Solstice of the Moon: The Butcher’s Stone…

““Culloden,” he said, the whispered word an evocation of tragedy.”
Outlander: Voyager, Diana Gabaldon

We had turned off the main road to Inverness, and were heading down the ‘B’ roads in search of an ancient site we wanted to visit. As we drove, a young stag leaped out into the road in front of us, his emerging antlers still rounded and covered with velvet. I was glad that I was not driving at speed as we followed the brown signs that said ‘Culloden’; there have been more than enough deaths there without adding to their number. But that was  one place we were not going. The battlefield of Culloden has too many tales of horror and too many uneasy ghosts still haunt moor and memory. I had no desire to feel them again… and, as a sassenach myself, there is a lingering sense of shame for the actions of the Duke of Cumberland.

As it was, our road led us too close for comfort to the place where so many were slaughtered in battle and with cruel and merciless abandon in the aftermath. All unsuspecting, we pulled into a parking spot beside a huge boulder, over five feet high and over fifty-three feet in circumference… and just a few hundred yards from the battlefield of Culloden.

On the 16th of April, 1746, ten thousand English troops, met the Highlanders who fought for Charles Stuart… Bonnie Prince Charlie… at Culloden. The English foot soldiers and cavalry, under the command of the Duke of Cumberland, were heavily armed with artillery. The Jacobite Highlanders were weary, weakened by sickness and hunger and numbered less than half the English force.  The level ground at Culloden was unsuited to the Highlanders’ fighting style and their army was decimated.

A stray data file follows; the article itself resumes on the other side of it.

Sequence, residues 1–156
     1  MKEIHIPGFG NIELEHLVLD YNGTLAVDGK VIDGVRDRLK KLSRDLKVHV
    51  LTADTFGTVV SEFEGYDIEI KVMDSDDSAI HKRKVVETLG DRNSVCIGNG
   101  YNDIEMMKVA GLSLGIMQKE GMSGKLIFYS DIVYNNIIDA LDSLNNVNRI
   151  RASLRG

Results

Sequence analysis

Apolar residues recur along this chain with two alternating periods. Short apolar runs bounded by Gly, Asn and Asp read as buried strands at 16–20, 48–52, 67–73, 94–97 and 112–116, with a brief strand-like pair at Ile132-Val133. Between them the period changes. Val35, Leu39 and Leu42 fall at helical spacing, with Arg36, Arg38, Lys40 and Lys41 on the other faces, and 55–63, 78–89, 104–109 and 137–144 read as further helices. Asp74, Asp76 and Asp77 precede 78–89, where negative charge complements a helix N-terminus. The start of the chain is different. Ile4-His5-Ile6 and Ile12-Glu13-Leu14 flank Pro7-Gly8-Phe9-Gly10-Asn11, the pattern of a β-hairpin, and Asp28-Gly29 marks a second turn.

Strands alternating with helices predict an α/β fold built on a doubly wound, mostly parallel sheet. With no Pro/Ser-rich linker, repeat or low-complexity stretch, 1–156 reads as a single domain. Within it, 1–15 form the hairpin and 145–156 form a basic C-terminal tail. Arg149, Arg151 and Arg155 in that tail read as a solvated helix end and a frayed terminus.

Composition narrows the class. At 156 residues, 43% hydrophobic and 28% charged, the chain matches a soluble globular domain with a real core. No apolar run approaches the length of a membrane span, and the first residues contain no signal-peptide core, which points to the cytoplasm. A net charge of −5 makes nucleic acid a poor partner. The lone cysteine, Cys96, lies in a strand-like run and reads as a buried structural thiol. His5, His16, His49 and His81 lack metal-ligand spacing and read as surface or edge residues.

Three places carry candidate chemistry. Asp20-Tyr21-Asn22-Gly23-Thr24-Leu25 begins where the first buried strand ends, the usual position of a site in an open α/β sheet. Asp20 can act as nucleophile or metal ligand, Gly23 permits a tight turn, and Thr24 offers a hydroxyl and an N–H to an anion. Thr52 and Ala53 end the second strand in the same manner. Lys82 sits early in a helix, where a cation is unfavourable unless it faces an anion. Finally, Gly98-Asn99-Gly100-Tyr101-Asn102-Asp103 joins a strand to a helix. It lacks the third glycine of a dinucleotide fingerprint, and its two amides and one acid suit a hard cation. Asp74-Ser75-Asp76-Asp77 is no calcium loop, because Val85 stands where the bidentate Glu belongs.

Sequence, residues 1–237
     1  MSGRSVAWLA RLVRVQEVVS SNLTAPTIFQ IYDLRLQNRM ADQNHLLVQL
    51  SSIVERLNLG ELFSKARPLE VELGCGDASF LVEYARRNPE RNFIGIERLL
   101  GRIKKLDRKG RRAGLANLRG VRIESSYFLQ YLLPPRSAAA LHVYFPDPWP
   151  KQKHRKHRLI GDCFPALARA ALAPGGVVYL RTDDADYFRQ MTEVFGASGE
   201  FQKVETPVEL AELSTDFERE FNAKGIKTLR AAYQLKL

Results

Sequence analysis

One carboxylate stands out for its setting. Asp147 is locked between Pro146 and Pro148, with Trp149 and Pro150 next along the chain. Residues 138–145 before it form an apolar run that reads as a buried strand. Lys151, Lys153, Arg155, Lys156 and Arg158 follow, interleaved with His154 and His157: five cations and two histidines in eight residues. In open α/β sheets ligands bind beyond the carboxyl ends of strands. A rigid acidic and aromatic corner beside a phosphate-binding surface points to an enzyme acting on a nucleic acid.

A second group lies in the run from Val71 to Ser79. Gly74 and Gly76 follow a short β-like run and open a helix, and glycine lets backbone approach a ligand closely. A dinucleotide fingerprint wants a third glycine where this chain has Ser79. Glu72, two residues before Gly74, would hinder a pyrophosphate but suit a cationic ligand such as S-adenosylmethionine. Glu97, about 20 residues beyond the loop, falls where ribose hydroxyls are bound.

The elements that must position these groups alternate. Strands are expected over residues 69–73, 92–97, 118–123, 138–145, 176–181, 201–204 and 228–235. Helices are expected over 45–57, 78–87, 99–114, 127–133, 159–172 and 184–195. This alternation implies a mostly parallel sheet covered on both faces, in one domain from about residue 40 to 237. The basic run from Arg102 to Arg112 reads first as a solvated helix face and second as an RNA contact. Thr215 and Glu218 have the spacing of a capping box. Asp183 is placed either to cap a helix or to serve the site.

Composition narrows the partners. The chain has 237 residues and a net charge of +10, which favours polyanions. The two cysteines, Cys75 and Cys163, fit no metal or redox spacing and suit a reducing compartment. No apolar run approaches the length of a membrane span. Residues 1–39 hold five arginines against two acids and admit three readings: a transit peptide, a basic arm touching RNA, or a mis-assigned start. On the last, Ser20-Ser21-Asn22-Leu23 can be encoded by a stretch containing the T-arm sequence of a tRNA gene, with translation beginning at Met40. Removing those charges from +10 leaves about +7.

Charles Stuart, his cause lost, managed to escape the field with a small band of followers. Few Highlanders escaped… on Cumberland’s orders, the wounded and those not slain in battle were shot in a sickening episode of brutality. Cumberland would follow the battle with the harrowing of the Glens, laying the Highlands bare and earning for himself the name of the ‘Butcher’.

Continue reading at France & Vincent

About Sue Vincent

Sue Vincent is a Yorkshire-born writer and one of the Directors of The Silent Eye, a modern Mystery School. She writes alone and with Stuart France, exploring ancient myths, the mysterious landscape of Albion and the inner journey of the soul. Find out more at France and Vincent. She is owned by a small dog who also blogs. Follow her at scvincent.com and on Twitter @SCVincent. Find her books on Goodreads and follow her on Amazon worldwide to find out about new releases and offers. Email: findme@scvincent.com.
This entry was posted in Ancient sites, historic sites, History, Landscape, Memory, Photography, Scotland, scotland road trip, Solstice of the Moon, Stuart France and Sue Vincent and tagged , , , , , , . Bookmark the permalink.

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